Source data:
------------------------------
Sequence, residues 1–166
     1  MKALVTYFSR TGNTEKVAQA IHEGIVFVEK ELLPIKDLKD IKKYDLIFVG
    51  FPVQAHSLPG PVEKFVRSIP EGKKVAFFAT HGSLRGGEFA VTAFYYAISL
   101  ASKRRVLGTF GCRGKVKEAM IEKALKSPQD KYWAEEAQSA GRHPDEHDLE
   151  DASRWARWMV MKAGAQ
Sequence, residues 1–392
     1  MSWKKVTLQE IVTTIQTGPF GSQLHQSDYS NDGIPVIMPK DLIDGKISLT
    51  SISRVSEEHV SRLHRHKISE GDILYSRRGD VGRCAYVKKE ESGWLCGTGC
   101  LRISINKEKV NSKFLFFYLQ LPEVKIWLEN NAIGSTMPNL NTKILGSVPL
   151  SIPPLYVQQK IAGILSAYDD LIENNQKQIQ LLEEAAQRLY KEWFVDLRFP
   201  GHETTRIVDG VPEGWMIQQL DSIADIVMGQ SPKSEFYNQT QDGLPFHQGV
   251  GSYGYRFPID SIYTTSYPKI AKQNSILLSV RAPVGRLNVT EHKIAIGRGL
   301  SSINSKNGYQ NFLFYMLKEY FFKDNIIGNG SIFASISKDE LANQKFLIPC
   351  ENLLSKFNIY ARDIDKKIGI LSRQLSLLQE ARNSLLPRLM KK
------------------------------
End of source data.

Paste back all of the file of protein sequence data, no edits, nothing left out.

Sequence, residues 1–166
     1  MKALVTYFSR TGNTEKVAQA IHEGIVFVEK ELLPIKDLKD IKKYDLIFVG
    51  FPVQAHSLPG PVEKFVRSIP EGKKVAFFAT HGSLRGGEFA VTAFYYAISL
   101  ASKRRVLGTF GCRGKVKEAM IEKALKSPQD KYWAEEAQSA GRHPDEHDLE
   151  DASRWARWMV MKAGAQ
Sequence, residues 1–392
     1  MSWKKVTLQE IVTTIQTGPF GSQLHQSDYS NDGIPVIMPK DLIDGKISLT
    51  SISRVSEEHV SRLHRHKISE GDILYSRRGD VGRCAYVKKE ESGWLCGTGC
   101  LRISINKEKV NSKFLFFYLQ LPEVKIWLEN NAIGSTMPNL NTKILGSVPL
   151  SIPPLYVQQK IAGILSAYDD LIENNQKQIQ LLEEAAQRLY KEWFVDLRFP
   201  GHETTRIVDG VPEGWMIQQL DSIADIVMGQ SPKSEFYNQT QDGLPFHQGV
   251  GSYGYRFPID SIYTTSYPKI AKQNSILLSV RAPVGRLNVT EHKIAIGRGL
   301  SSINSKNGYQ NFLFYMLKEY FFKDNIIGNG SIFASISKDE LANQKFLIPC
   351  ENLLSKFNIY ARDIDKKIGI LSRQLSLLQE ARNSLLPRLM KK